By Siobhan O’Leary and Edward Nawotka
Though most of Germany’s largest media companies were founded by men, the tagespiegel points out how many of these companies have since been taken over by the younger wives of said founders. Instead of “publishers”, they are “publishers’ widows”, though they wield as much power as their husbands did. Friede Springer (Axel Springer Verlag) and Liz Mohn (Bertelsmann) are the two most obvious examples, but the article points out how remarkable it is that women could be running three or four of the largest and most important German publishing houses in the foreseeable future.
Hong Kong mystery writer, wit and all-around gadfly Nury Vittachi that ponders on his blog the question of why Asian crime writing—particularly for films—haven’t produced, in his opinion, many classics of the genre. The problem, he asserts, is institutional:
Here’s a trade secret. Why are Asian films not successful internationally? Most people think it’s because they are rubbish. In fact, this is true. They ARE rubbish in many cases. But there’s another reason: state film commissions in Asia have secret rules. No crime in crime stories. No ghosts in ghost stories. No corrupt officials in settings where corrupt officials can be found wall-to-wall.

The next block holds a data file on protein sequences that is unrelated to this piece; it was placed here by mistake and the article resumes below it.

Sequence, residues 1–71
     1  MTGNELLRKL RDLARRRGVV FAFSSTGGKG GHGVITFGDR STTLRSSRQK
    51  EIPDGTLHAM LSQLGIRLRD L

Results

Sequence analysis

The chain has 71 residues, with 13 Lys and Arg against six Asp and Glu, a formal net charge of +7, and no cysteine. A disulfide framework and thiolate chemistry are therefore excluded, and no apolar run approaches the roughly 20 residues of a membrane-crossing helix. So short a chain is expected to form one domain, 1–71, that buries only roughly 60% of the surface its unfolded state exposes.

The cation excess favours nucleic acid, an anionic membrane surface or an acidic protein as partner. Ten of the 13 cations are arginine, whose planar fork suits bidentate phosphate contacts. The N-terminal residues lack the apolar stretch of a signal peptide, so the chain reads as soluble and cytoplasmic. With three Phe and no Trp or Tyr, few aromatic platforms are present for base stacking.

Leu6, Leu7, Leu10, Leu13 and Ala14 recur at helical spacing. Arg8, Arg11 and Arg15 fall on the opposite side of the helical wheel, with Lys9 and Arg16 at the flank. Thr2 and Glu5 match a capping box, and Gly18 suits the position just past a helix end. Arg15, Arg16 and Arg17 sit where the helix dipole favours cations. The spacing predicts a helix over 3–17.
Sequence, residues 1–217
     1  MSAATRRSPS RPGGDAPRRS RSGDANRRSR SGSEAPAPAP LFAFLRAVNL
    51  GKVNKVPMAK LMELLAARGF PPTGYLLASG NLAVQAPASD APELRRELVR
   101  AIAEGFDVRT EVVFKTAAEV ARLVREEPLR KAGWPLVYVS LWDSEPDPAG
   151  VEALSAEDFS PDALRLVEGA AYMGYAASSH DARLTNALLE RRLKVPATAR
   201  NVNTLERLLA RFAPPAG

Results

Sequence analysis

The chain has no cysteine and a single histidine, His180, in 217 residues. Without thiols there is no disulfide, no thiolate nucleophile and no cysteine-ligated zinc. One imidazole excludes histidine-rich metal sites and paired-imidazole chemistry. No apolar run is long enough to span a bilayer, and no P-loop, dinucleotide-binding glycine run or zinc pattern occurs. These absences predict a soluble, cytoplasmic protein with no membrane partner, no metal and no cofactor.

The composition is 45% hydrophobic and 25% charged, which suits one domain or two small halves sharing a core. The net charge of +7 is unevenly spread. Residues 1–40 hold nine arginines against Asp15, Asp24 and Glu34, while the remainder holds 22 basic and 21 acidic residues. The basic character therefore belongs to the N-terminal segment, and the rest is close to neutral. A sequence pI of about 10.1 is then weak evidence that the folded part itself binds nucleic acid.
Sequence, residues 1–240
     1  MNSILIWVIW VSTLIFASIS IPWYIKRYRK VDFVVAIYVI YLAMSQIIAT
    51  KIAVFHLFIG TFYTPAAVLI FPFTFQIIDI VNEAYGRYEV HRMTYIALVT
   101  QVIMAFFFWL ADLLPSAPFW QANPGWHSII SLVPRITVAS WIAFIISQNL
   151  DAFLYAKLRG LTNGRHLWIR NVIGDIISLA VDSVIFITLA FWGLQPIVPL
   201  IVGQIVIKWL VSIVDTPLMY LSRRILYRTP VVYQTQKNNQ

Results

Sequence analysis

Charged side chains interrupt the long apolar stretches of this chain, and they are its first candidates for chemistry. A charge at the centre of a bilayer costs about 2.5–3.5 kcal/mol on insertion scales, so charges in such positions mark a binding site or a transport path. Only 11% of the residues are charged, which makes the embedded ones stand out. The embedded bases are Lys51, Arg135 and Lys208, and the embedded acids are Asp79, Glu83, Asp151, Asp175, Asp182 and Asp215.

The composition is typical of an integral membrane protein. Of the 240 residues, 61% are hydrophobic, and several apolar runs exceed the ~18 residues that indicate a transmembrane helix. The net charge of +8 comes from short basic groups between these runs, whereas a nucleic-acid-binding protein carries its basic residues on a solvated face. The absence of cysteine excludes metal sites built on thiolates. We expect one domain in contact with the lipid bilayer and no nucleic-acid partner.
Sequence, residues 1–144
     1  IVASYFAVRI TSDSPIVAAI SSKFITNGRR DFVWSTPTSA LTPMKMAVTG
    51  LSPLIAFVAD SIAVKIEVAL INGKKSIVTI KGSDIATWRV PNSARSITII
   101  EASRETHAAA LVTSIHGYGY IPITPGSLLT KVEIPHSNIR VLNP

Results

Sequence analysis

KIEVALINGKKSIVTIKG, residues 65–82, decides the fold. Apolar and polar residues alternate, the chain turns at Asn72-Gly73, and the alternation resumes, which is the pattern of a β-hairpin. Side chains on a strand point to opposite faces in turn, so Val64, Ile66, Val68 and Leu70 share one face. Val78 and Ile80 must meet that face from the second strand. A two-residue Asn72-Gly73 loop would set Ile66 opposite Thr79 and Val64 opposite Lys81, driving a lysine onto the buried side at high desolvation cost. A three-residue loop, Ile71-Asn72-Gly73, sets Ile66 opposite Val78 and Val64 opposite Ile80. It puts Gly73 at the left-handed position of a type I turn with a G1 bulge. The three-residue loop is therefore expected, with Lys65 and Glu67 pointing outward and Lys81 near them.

Classic crime-writer model: Detective says to his junior, “Remember. Evil often emerges where some people might least expect it: from slick, rich, smiling, successful individuals who make up the elite.”
State Film Commission model: Detective says to his junior, “Remember. The elite are sinless and trouble comes from foreigners and other minority groups.”
The same problem certainly doesn’t exist for the Scandinavians. The world has been obsessed with Scandinavian crime writing for nearly 15 years now, dating all the way back to the publication of Peter Hoeg’s Smila’s Sense of Snow in 1994. On that note, one of our very first stories at Publishing Perspectives way back in May discussed the ongoing legal dispute that Eva Gabrielsson, the long time partner of Stieg Larsson, was fighting with Larsson’s family over his then $13 million estate. At the time, the family said Gabrielsson was entitled to nothing; earlier this week the family offered her the equivalent of $3 million, according to the Guardian.
It might also be interesting to note that, according to The Economist, which just got around to reviewing the Millennium Trilogy this week, Larsson’s books have sold a total of 12 million copies around the world, virtually ensuring his estate is worth well north of the $13 million figure at this point.